Executive order calls for phasing out gas-powered vehicles | News

Gov. Gavin Newsom last week issued an executive order requiring that by 2035 all new cars and passenger trucks sold in California be zero-emission vehicles, according to a press release.

Mike Wheeler, president of Wheeler Auto Center in Yuba City, said the order won’t affect his business, which has been and will continue to be the selling and servicing of cars. He said the consequences of the order are unknown at this time.

Wheeler said the dealership doesn’t have any input on the type of cars delivered from manufacturers and that the California Air Resources Board has put in place emission requirements in the past that make cars sold in California different from other places in the country. In the last 10 years, Wheeler Auto Center has sold combination electric/hybrid cars from General Motors, according to Wheeler.

“There’s a group of people that love gas and a group of people that love electric,” Wheeler said.

Assemblyman James Gallagher (R-Yuba City) called the order “incredulous and ridiculous” and said that it excluded the Legislature from the decision-making process. He said California’s approach to fighting climate change has been costly, minimally effective and has placed the burden of a global problem on California citizens.

“Electric vehicles are prohibitively expensive for many Californians, especially when you factor in the high electricity costs in this state,” Gallagher said in an email. “Modern combustion engine vehicles are already 99 percent cleaner when compared to 1960s vehicles. We should allow the market to continue to improve and innovate without taking away choices.”

Gallagher said the order has the potential to negatively affect the local economy in multiple ways. First, auto dealers will lose customers to residents shopping out of state; second, gas stations will take a hit from people charging their vehicles at home or at charging stations; and the order calls into question whether farm equipment and other heavy equipment will be banned, impacting the agriculture economy.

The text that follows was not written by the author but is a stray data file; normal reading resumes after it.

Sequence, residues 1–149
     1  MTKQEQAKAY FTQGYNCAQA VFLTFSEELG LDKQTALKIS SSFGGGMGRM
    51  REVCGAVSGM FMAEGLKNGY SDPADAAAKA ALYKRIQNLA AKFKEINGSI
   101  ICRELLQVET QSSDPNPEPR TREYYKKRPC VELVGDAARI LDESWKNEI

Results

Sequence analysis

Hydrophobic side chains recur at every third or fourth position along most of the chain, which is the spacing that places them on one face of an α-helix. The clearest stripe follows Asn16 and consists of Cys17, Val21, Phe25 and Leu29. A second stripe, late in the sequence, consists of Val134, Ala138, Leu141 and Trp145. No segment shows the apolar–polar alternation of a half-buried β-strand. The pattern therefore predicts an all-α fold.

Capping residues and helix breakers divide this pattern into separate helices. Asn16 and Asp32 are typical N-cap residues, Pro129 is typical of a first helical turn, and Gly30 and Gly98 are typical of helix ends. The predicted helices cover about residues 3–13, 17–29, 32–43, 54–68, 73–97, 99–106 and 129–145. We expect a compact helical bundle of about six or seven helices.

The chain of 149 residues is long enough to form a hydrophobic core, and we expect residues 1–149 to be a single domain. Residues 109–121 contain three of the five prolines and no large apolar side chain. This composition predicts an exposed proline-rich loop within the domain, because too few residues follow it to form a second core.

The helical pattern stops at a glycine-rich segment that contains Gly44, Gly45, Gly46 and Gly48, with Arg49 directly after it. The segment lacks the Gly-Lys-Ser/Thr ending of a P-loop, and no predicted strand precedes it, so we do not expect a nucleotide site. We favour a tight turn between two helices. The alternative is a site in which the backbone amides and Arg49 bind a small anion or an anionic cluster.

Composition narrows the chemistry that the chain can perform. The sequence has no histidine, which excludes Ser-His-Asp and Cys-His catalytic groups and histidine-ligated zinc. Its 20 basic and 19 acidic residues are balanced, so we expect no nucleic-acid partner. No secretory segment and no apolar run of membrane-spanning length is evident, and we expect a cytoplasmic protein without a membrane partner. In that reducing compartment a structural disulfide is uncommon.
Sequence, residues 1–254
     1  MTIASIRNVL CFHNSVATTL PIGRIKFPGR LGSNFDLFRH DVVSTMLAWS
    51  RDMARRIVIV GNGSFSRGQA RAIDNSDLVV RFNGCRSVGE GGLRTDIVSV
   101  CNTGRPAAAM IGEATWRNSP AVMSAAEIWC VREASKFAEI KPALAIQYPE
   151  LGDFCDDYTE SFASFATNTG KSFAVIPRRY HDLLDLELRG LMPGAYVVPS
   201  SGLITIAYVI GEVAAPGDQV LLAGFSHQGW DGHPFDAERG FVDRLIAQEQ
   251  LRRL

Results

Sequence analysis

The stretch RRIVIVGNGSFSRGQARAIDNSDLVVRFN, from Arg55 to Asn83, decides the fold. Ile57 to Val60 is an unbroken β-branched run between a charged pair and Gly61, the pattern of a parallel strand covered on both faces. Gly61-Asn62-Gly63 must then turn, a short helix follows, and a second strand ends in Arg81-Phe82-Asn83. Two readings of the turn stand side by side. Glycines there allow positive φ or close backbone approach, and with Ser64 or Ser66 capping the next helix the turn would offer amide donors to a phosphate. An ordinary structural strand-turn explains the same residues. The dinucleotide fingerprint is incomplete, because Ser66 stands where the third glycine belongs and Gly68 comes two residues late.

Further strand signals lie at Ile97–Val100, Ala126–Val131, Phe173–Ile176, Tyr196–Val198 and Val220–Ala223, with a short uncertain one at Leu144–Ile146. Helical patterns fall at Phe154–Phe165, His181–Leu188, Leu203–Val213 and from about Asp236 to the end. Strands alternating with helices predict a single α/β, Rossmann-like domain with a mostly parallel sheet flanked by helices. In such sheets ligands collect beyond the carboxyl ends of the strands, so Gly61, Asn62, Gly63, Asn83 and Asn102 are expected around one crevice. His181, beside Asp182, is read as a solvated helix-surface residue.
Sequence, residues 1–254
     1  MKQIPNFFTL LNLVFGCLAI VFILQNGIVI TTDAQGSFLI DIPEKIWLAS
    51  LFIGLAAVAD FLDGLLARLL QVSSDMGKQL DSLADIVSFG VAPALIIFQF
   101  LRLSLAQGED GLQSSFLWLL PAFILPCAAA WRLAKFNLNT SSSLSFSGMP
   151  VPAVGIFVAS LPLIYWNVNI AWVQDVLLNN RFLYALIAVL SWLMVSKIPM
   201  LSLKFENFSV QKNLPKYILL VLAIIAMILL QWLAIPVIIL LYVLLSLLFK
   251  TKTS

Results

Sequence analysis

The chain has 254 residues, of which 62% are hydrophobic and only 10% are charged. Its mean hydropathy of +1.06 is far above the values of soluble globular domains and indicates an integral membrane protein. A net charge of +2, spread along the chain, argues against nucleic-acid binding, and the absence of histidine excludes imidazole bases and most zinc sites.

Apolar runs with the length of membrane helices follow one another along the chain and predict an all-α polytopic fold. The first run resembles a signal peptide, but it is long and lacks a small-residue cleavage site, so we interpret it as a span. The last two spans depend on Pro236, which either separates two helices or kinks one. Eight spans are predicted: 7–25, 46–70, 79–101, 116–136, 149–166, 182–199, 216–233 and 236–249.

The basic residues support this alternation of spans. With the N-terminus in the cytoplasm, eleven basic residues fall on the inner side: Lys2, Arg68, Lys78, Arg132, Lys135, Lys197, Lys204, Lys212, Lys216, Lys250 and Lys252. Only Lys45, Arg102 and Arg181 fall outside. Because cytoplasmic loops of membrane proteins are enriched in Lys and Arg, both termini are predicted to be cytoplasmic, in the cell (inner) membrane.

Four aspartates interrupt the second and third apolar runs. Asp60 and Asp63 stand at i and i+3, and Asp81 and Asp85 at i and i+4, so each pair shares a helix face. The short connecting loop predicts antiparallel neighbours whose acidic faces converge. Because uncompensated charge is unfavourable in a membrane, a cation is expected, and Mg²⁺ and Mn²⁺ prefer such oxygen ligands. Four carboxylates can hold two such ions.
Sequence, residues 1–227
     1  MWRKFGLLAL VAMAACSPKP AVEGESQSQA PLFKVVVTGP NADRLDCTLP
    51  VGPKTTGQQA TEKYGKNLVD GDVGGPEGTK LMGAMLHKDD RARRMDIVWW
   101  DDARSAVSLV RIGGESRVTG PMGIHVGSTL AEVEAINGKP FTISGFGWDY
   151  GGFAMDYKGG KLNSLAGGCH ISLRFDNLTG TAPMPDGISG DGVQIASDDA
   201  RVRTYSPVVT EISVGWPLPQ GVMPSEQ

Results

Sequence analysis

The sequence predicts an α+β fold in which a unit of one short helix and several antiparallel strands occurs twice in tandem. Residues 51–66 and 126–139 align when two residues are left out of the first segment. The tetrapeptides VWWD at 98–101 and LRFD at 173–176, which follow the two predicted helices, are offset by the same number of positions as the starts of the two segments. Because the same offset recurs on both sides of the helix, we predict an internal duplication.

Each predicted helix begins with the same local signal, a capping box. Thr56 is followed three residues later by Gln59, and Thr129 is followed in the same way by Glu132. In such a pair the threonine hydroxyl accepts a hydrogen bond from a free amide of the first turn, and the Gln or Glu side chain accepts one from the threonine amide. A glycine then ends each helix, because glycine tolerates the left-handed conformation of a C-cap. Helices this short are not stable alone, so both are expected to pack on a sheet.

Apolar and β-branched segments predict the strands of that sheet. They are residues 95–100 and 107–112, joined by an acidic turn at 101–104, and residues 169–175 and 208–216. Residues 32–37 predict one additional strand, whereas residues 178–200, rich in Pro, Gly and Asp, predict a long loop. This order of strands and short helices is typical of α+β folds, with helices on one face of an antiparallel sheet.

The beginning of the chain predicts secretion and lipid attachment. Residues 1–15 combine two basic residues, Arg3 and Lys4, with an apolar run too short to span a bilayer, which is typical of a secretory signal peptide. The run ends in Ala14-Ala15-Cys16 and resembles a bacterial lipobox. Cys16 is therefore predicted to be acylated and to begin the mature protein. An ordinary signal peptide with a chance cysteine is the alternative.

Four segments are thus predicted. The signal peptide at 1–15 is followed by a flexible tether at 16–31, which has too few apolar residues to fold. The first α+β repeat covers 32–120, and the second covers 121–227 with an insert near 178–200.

Instead of vehicle emissions, Gallgher said investing in forest management is a better way to address climate change and reduce carbon emissions. In addition, that approach would help prevent wildfires, which emit carbon into the atmosphere.

“Proper forest management has been proven to reduce the frequency and severity of forest fires, thus reducing emissions,” Gallagher said. “Plus, the removed vegetation can be used in biomass facilities that produce minimal emissions, further sustaining our grid and helping the state reach its climate goals.”

State Sen. Jim Nielsen (R-Tehama) said Newsom’s order was ill-timed given Californians wait for unemployment checks.

He said the order will destroy the region’s economy because of the effect it will have on the 350,000 people who work in the gas and oil industry and increase the price for cars.

“California already has the one of the most, if not the most, aggressive climate policies in the world to the detriment of our people,” Nielsen said. “Because of these policies, California is one of the most expensive places to live.”

According to the release from the governor’s office, by the time the rule goes into effect, zero-emission vehicles will be cheaper and better than traditional fossil fuel powered cars. Fifteen other countries have already committed to phase out gasoline-powered cars.

The transportation sector is responsible for more than half of all California’s carbon pollution, 80 percent of smog-forming pollution and 95 percent of toxic diesel emissions, according to the release.

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